MONTREAL - He's already one of the country's foremost painters and a member of the Order of Canada, but Alex Janvier was still thrilled Tuesday about receiving a Governor General's Award in Visual and Media Arts.

"Pretty wild, pretty fuzzy in the legs," was how the soft-spoken Janvier replied with a chuckle when asked how he felt about his latest accolade. "It's been a long haul."

"I'm not quite sure if I've really earned it yet, but by the time I'm out of here I should have a better grasp of what really took place here today."

Janvier, who lives in Cold Lake, Alta., was one of eight winners to receive the $25,000 prizes, which will be presented by Gov. Gen. Michaelle Jean at Rideau Hall on Friday in Ottawa.

Other recipients include Inuit artist Kenojuak Ashevak, Quebec filmmaker Serge Giguere, Montreal-based sculptor Michel Goulet and multidisciplinary artists Tanya Mars of Toronto and Vancouver resident Eric Metcalfe.

Chantal Gilbert, a jeweller and artistic knifemaker, gets the Saidye Bronfman Award for excellence in the fine crafts. She lives in Quebec City.

Shirley Thomson, a former director of the Canada Council for the Arts, is the recipient of the award for outstanding contribution to the arts.

"These artists take us on an extraordinary journey, delving into the very meaning of the world around us, exploring the conscious and subconscious spaces that surround us," Jean said in a statement.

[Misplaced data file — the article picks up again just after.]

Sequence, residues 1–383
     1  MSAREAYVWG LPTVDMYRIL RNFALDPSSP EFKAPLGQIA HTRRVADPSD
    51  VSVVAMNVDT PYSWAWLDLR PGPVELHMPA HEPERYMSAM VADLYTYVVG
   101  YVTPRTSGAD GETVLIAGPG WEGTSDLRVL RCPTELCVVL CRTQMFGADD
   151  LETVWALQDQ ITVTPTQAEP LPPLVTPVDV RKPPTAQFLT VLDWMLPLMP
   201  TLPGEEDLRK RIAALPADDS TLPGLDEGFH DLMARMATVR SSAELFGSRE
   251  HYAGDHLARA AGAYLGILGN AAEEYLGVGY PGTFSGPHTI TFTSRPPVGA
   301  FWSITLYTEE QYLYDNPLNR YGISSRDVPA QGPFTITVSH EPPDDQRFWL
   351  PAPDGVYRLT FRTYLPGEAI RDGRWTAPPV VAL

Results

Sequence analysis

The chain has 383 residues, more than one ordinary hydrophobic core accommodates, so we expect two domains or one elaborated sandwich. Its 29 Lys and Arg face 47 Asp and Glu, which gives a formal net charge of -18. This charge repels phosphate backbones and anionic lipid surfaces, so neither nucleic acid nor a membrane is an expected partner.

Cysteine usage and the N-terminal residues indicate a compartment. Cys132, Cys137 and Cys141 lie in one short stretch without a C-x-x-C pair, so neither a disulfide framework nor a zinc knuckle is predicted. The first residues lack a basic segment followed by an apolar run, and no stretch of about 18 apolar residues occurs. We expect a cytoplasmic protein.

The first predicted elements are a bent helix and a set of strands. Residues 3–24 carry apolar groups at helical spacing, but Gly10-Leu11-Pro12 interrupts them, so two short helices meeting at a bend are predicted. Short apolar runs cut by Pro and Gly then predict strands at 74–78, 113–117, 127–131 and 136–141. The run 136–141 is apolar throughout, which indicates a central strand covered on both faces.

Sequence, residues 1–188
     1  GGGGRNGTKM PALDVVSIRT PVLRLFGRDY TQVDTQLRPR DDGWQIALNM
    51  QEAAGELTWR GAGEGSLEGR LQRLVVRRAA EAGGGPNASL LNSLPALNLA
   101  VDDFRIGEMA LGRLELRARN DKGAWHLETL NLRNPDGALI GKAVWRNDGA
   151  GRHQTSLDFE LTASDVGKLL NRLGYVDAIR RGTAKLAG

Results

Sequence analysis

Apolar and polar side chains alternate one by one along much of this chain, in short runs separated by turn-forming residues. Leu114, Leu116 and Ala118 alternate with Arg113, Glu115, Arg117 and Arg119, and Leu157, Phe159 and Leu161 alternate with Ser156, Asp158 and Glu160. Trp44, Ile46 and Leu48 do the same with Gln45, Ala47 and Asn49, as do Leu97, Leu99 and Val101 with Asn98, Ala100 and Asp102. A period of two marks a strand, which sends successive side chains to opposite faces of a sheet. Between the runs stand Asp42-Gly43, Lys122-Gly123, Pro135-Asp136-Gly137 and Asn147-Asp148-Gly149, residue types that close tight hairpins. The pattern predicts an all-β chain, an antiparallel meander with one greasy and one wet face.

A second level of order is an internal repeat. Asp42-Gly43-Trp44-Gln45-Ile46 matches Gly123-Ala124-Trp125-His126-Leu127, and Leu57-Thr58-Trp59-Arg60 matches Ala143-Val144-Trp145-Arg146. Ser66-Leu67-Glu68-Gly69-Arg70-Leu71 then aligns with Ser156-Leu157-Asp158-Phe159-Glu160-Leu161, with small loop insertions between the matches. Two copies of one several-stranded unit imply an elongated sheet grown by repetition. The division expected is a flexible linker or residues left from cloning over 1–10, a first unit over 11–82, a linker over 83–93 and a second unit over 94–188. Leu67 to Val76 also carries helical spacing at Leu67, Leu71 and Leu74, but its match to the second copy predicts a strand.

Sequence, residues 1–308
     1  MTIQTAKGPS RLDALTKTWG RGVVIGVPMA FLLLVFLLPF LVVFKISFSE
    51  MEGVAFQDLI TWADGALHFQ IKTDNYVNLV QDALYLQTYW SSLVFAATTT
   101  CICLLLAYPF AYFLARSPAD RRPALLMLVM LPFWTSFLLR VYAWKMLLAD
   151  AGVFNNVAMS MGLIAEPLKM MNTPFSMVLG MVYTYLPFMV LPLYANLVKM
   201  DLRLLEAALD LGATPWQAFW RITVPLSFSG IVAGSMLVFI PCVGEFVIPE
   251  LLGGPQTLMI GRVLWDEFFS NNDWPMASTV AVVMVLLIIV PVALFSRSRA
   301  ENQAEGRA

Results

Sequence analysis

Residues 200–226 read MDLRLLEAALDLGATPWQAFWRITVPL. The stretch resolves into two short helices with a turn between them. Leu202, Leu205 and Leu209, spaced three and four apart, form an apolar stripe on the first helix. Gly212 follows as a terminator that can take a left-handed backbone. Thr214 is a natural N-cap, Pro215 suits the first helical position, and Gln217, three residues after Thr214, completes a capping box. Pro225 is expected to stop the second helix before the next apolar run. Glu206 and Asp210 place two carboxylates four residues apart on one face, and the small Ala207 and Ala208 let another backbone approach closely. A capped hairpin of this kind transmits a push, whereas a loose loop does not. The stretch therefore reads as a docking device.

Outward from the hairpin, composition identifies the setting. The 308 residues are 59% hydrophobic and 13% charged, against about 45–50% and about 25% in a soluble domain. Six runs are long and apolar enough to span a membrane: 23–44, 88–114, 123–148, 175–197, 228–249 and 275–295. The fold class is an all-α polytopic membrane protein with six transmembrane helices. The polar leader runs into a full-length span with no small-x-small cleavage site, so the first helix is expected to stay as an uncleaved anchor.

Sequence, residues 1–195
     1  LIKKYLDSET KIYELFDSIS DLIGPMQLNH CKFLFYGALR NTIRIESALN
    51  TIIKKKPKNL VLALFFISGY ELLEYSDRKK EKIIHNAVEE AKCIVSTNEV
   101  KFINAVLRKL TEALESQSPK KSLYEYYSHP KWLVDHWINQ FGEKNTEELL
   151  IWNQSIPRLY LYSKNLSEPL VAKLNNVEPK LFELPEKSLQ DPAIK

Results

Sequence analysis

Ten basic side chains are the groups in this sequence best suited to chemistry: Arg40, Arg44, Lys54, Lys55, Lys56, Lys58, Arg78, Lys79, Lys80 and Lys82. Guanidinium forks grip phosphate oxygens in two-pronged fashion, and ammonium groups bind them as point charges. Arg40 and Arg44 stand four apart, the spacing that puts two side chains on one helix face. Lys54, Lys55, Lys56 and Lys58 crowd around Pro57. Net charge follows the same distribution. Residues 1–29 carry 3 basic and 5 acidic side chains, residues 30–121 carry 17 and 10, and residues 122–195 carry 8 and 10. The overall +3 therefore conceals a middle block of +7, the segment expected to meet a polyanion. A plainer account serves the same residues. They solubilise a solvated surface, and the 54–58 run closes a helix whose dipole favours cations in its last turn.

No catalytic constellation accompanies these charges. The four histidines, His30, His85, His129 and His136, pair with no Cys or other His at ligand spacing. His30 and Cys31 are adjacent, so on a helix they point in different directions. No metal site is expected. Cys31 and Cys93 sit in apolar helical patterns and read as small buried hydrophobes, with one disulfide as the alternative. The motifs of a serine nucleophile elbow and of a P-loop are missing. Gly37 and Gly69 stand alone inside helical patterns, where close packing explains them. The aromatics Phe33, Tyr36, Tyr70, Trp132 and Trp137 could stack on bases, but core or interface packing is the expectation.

"They are inspiring an ever-increasing number of young people of all ages, piquing their curiosity, awakening their imaginations and best of all stirring their artistic impulses."

Mars, whose multidisciplinary artwork has included eclectic subject matter such as cheerleaders and vaudeville, did a little dance and clapped her hands when she was announced as a winner.

"Visual artists are not necessarily considered celebrities in our culture," she said. "I think it's really important to bring attention to artists who make work in visual and media arts and not just actors and actresses and writers."

Mars tries to "make sense of the world" with her art, which encompasses performance, sculpture and video.

"It's a challenge. I like art that makes me think about my existence in the world and I hope that my art practice does the same for my audience," the Toronto resident said. Sometimes drawing on lighthearted subject matter helps.

"I really believe in a sense of humour. I think that makes hard subjects sometimes easier to take."

Goulet said the Governor General's Award is a way of making his art "known across the country."

"It's a very challenging prize," he added. "People look up at you and think that you now cannot make a false move."

During the last 30 years, Goulet has developed an eloquent body of work from a background of minimalism and conceptual art.

He is encouraged by what he sees among the new crop of Canadian artists.

"In Canada, young artists are really fabulous. If you look at what's happening around us, it's very interesting. I go to galleries and see this work and I think that it is challenging and innovative and a new discourse on art."

He encouraged new artists to find their own voice and not imitate others.

Janvier, who draws a lot of his inspiration from his Dene roots, says he developed the style that has marked his 40-year career during his third year in art school.

"One afternoon I did a few strokes of watercolour and I thought, 'Here I am. This is me,' " he said. "I developed it over time and once developed, it became the style that most people know me by."

He had some succinct advice for the next generation of artists.

"Keep painting and don't die."